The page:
For yours is the kingdom, the power and the glory
For ever and ever.

Amen

This prayer follows the sermon for this Sunday, which can be found here

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Being sheep in a Covid-19 world – A sermon for 3 May 2020


This sermon can also be found an the following video link:
Being sheep in a Covid-19 world – A sermon for 3 May

SCRIPTURE:  Psalm 23; Acts 2:42-47; 1 Peter 2:19-25; John 10:1-10

Lockdown
Five weeks of Covid-19 lockdown!

How has it been for you?

I remember, just before we went into lockdown for the initial three weeks, thinking, that’s a long time. What will we do for three weeks? And now five weeks have passed and (in South Africa) some of the doors are beginning to open.

How has it been for you?

People have spoken about the opportunity to reflect, to realign, to reorganise (or, for some of us, just to organise).
Many years ago, I was in hospital for four or five weeks with bilharzia. And I kept hearing about people who had been in similar or worse situations, and how they had used the time for deep reflection and prayer and had grown spiritually.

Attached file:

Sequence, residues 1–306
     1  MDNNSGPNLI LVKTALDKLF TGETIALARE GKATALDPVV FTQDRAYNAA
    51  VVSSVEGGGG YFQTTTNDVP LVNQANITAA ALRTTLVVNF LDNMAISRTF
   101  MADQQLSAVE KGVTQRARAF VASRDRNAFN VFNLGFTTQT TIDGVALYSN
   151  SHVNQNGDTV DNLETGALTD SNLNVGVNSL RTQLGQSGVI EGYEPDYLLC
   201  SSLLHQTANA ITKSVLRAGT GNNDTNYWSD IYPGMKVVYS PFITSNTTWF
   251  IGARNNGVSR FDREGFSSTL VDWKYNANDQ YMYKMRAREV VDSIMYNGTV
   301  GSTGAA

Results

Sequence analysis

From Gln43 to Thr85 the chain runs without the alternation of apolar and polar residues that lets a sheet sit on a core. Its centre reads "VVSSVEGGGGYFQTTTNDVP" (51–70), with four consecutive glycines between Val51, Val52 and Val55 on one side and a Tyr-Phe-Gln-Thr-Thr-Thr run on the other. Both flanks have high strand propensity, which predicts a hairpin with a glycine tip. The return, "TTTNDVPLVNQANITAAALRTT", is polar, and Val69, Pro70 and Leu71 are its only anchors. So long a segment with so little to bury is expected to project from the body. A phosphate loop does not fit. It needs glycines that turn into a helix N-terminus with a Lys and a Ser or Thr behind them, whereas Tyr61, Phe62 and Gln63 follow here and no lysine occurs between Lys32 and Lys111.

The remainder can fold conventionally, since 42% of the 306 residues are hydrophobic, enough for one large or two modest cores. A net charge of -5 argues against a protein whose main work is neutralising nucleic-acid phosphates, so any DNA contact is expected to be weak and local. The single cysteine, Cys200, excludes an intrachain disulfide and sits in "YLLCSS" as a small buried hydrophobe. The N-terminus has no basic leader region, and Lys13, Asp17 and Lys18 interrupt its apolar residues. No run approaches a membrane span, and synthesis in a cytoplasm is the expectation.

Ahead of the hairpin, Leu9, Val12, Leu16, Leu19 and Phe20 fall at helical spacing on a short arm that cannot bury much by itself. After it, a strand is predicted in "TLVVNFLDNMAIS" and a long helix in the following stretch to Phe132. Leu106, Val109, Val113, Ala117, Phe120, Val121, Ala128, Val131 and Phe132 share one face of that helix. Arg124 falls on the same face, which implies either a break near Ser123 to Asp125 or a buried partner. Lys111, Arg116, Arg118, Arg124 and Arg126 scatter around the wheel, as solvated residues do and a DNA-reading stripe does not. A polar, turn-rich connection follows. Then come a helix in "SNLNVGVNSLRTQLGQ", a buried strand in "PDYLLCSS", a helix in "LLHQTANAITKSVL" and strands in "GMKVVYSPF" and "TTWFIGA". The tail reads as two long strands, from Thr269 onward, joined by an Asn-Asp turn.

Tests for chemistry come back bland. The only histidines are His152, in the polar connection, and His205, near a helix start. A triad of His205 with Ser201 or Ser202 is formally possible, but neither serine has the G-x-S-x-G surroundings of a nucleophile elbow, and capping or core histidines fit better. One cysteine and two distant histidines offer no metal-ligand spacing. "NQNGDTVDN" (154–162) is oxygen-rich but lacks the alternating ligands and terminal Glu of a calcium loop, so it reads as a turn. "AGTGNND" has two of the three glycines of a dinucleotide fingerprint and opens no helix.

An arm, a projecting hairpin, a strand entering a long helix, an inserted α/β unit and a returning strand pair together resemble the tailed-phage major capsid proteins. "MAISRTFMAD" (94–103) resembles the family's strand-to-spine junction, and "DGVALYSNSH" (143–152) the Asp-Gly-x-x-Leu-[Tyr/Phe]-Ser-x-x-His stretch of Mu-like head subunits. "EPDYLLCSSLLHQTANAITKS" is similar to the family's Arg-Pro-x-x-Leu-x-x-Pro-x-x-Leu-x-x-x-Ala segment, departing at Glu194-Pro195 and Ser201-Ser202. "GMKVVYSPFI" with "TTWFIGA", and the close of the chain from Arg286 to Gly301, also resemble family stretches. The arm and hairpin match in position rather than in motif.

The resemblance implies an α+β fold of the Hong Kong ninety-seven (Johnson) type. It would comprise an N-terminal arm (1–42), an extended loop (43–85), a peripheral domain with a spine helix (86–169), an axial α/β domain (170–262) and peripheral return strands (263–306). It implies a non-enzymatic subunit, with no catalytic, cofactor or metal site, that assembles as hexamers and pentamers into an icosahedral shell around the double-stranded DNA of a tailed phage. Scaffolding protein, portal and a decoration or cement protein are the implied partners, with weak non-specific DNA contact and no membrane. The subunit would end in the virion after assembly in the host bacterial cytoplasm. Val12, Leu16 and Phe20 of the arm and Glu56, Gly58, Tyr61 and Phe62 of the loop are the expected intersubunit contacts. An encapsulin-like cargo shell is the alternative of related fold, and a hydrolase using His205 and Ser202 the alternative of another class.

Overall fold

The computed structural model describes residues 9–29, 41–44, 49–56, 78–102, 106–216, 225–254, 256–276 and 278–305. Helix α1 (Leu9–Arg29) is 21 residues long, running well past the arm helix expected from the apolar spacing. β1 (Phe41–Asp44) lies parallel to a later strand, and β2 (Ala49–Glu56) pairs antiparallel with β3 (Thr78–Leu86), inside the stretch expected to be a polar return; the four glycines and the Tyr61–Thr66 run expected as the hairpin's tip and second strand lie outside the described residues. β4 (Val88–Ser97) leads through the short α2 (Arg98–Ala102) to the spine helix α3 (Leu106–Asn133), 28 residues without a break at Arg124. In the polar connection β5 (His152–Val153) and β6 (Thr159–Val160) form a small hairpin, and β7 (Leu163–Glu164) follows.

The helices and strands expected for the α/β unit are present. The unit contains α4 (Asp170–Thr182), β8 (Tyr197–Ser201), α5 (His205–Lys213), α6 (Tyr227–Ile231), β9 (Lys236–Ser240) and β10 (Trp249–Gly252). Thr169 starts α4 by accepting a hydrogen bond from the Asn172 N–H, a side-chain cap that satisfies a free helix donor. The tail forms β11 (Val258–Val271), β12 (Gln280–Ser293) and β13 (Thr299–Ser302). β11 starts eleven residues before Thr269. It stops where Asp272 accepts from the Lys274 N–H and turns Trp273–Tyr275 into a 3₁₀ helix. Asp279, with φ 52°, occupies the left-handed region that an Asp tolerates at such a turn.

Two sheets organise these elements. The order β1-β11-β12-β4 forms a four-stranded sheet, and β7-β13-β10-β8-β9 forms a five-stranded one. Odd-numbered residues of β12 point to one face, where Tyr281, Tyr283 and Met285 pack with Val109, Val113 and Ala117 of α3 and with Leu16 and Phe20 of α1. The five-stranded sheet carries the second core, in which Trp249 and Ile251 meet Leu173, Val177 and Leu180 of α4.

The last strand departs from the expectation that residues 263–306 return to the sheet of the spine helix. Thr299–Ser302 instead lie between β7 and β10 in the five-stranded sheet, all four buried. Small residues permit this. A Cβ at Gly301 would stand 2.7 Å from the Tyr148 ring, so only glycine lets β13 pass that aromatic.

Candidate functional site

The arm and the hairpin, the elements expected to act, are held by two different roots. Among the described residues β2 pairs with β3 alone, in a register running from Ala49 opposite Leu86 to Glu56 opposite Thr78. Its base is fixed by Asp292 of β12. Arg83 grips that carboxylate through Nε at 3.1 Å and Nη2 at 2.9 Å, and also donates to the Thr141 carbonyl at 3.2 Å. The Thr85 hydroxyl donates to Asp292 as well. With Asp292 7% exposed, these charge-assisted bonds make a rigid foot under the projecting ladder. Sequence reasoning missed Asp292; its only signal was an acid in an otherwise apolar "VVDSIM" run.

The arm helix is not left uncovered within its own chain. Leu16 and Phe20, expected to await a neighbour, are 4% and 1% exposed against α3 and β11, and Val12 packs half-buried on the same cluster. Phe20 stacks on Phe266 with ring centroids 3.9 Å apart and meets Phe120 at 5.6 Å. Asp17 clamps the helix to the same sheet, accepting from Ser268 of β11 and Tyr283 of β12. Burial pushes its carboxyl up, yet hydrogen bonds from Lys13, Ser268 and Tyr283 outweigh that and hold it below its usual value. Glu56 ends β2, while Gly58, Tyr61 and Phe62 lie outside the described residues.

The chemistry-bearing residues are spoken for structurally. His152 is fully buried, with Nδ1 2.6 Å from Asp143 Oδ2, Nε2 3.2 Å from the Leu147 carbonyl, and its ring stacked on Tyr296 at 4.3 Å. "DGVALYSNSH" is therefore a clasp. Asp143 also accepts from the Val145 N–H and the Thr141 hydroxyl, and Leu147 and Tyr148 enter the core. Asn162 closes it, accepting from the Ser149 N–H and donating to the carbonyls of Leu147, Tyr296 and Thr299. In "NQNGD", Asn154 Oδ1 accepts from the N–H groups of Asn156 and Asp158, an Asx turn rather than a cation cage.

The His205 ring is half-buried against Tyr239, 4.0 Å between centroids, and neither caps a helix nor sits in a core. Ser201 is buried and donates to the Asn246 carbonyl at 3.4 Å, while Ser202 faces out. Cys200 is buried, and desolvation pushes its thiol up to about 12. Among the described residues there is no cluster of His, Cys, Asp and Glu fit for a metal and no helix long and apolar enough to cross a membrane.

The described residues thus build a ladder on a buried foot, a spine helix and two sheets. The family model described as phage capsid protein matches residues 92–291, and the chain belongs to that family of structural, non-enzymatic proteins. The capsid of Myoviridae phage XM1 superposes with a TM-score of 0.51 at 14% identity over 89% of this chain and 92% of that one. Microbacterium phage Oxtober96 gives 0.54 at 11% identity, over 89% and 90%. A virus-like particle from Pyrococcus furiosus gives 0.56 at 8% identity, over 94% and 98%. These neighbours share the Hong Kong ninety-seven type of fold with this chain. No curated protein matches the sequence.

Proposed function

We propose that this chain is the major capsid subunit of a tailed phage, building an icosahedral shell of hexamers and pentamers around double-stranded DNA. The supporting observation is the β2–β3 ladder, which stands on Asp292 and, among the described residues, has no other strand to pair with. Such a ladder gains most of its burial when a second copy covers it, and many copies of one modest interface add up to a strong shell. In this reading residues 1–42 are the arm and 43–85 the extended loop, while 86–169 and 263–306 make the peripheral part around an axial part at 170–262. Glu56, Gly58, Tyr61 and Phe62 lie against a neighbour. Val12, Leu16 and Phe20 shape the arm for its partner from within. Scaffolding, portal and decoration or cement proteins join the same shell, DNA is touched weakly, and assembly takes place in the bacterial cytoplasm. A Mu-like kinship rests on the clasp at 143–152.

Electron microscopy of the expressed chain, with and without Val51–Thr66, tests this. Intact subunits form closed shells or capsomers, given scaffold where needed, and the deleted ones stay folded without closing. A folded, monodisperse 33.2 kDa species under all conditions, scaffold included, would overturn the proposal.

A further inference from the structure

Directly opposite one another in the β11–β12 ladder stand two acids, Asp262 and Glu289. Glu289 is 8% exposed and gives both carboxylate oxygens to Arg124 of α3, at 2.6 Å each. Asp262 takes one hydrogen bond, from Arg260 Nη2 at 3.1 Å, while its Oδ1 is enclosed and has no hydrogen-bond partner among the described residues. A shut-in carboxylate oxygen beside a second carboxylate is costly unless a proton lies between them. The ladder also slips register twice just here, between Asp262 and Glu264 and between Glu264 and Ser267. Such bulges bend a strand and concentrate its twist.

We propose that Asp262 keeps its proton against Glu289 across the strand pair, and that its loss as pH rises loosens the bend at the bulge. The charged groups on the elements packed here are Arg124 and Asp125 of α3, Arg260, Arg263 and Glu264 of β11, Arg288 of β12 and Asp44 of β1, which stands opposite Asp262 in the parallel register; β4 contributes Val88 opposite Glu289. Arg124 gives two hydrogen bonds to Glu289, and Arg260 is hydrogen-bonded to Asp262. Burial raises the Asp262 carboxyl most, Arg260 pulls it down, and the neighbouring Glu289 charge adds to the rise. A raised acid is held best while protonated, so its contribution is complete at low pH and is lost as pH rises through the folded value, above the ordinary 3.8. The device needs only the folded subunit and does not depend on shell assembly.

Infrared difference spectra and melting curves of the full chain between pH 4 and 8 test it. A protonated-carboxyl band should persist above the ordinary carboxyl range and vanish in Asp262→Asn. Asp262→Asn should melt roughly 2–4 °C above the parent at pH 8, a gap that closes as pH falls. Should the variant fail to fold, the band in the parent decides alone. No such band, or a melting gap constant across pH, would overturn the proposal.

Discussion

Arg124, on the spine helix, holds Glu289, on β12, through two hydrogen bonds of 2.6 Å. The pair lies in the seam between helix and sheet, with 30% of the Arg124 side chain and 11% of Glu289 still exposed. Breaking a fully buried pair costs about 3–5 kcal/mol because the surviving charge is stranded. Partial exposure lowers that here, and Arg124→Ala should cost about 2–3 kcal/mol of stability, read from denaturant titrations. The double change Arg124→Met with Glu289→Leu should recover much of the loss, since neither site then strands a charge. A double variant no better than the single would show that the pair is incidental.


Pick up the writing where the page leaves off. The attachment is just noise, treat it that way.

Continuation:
I felt so guilty. I didn’t want to reflect on anything other than how nauseous and miserable I felt. I didn’t feel the least bit spiritual.

How has the lockdown been for you?

For most of us, it’s about the money. Where will this month’s pay come from? Will my business survive? Will I still have a job?
Then there is the virus itself. Will we survive? Will our family survive? Will those in essential services be able to cope?

Relationships are especially difficult. Our lives are often so busy that we usually don’t spend much time together. Suddenly we are locked down, and we only have each other for company. And it’s not like when we are on holiday and all relaxed. There are all these new fears and worries that create tension or add to tensions that are already there.

The early church
In the middle of all this, we read about the early church in Acts 2.42–47.

Remember the disciples, too, had been locked down. As far as we know, they had been self-isolating in the Jerusalem upper room for the last 50 days. They had just started to emerge. There were a few jaunts here and there — to Galilee, for example, where Jesus met them for breakfast. But, in Jerusalem, we are told, they were behind locked doors for fear of the Jews.

Then, at Pentecost, they emerged like butterflies out of their cocoons. And what we read in Acts 2, sounds so idyllic:

They devoted themselves to the apostles’ teaching and to fellowship, to the breaking of bread and to prayer.
Everyone was filled with awe ….
All the believers were together ….
They gave to anyone who had need.
They met together in the temple.